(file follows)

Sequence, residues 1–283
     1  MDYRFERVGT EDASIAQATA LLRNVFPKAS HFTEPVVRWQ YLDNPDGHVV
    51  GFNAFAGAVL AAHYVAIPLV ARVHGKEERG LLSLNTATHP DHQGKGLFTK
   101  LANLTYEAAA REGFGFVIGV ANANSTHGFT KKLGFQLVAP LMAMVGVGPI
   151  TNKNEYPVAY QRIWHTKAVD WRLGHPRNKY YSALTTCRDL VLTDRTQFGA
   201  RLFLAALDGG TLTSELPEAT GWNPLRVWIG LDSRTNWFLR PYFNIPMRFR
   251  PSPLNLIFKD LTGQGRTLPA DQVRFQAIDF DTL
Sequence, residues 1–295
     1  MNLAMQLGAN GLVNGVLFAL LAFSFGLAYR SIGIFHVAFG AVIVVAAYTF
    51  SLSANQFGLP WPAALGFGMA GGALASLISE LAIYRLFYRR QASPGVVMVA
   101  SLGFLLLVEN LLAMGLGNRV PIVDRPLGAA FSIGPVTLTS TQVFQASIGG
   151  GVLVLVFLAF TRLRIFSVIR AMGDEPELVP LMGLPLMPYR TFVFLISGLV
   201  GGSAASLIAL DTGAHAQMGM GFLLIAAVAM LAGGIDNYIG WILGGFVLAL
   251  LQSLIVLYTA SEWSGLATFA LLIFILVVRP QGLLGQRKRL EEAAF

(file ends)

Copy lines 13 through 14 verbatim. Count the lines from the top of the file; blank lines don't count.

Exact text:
   201  GGSAASLIAL DTGAHAQMGM GFLLIAAVAM LAGGIDNYIG WILGGFVLAL
   251  LQSLIVLYTA SEWSGLATFA LLIFILVVRP QGLLGQRKRL EEAAF